As we reported earlier today, István Pásztor, head of the Alliance of Vojvodina Hungarians (VMSZ) passed away on Monday, 30 October at age 67. Pásztor led the VMSZ from 2007 until his death in 2023.
István Pásztor was born on 20 August 1956 in Törökkanizsa (Novi Kneževac), Yugoslavia, only about 15 kilometres (10 miles) away from the Hungarian border. He earned a law degree from the University of Újvidék (Novi Sad) in 1980. In 1996, he was elected to the Vojvodina Assembly for the first time, to continue to serve there until 2004. Pásztor simultaneously served in the lower chamber of the Federal Assembly of Yugoslavia as well, between 1996 and 2000.
He ran for President in the 2008 Serbian Presidential election, eventually getting 2.26 per cent of the popular vote. He thus did not advance to the second round, where he supported the eventual winner Boris Tadić. He ran again in 2012, getting 1.62 per cent of the vote that time.
In 2008, he won a seat again in the Assembly of Vojvodina. Four years later, in 2012, he was elected president of the Assembly.
Pásztor served in his position, presiding over the legislative body of the Autonomous Province of Vojvodina, for over a decade, until his untimely death just now.
istván Pásztor and Hungarian Prime Minister Viktor Orbán were close allies and long-time friends. The last time they officially met was at the Tusványos festival in Transylvania earlier this year.
Viktor Orbán bid farewell to the influential Hungarian Serbian politician in a Facebook post.
István Pásztor’s son, Bálint Pásztor, is a Member of the National Assembly of Serbia, and has served there since 2007. He confirmed that his father passed away after a short and sudden illness.
The Commemoration of the Vojvodina Massacre
VMSZ President István Pásztor passed away the day after the commemoration of the Vojvodina massacre of World War II, which was held on Sunday, 29 October in the village of Csurog (Čurug).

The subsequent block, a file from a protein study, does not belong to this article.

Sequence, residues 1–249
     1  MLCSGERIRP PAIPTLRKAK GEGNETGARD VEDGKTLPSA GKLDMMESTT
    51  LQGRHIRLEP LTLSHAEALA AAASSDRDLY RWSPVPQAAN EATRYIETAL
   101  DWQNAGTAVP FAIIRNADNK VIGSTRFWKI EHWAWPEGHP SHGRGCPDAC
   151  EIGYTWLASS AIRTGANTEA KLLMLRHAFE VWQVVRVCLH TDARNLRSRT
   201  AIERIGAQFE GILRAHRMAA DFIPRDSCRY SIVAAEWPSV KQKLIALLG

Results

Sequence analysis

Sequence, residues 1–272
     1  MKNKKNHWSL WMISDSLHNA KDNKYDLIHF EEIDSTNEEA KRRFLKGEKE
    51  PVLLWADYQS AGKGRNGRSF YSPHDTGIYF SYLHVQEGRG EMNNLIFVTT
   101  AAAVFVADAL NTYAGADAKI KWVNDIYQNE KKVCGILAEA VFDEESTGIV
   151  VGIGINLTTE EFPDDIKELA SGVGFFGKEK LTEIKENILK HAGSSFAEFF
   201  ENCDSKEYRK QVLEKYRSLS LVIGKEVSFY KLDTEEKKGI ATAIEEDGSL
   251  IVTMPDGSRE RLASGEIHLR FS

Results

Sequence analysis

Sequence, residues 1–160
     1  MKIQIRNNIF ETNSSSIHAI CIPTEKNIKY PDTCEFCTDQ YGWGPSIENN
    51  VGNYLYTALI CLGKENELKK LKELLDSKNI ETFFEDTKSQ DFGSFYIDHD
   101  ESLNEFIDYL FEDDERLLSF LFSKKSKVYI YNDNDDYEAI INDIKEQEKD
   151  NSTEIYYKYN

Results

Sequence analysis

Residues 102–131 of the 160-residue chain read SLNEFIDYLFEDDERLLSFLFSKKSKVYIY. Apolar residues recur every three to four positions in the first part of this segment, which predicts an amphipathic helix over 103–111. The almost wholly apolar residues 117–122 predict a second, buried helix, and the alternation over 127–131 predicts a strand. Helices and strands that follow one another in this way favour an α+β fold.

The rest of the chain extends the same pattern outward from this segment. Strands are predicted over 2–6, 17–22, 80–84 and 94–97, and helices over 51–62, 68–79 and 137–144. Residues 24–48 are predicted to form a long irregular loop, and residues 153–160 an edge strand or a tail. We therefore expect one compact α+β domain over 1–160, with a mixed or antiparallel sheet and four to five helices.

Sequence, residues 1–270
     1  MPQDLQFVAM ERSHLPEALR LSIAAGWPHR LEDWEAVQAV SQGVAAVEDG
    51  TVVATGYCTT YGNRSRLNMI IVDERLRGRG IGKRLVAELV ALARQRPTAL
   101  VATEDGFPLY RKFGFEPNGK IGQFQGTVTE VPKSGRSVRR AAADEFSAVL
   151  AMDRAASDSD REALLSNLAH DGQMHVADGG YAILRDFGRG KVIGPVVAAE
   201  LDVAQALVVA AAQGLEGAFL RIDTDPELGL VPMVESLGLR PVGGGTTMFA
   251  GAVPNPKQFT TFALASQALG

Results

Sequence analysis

The Axis powers occupied Vojvodina between 1941 and 1944, with Hungary being in control of the Bačka which was re-annexed by Budapest in 1941. What was originally meant to be raids by the Hungarian military against the Yugoslav partisans resisting the occupation turned into a massacre, to which some 4000 civilians fell victim, including women, children and elderly. The victims were ethnically mostly Serbs, but also Jewish.
In retaliation for the massacre, in 1944–45,
at least 20,000 innocent ethnic Hungarians living there were slaughtered by Yugoslav partisans,
and thrown into unmarked mass graves.
In 2013, a historic reconciliation process started between Hungary and Serbia, with then President of the Republic János Áder apologizing in the Belgrade parliament on behalf of Hungary for the atrocities committed by Hungarian soldiers in 1941. The Hungarian President and his Serb counterpart, Tomisla Nikolić visited together Csurog, one of the sites of the 1944 and 1945 massacres that can be regarded as ethnic cleansing, and laid wreaths at the monuments commemorating the Hungarians and Serbian victims respectively. Also, in the same year, the Serbian government annulled a resolution that had branded the Hungarian ethnic minority collectively responsible for the atrocities committed against Sebs during the Hungarian occupation of Vojvodina.
Survivor of the Vojvodina massacres Júlia Teleki was present at the event; she was 10 months old when her father was taken away by the partisans and executed. Árpád Fremond, head of the Vojvodina Hungarian National Council was also in attendance. In his remarks, he stated that it is important to remember such atrocities in history so that we can prevent them from ever happening again.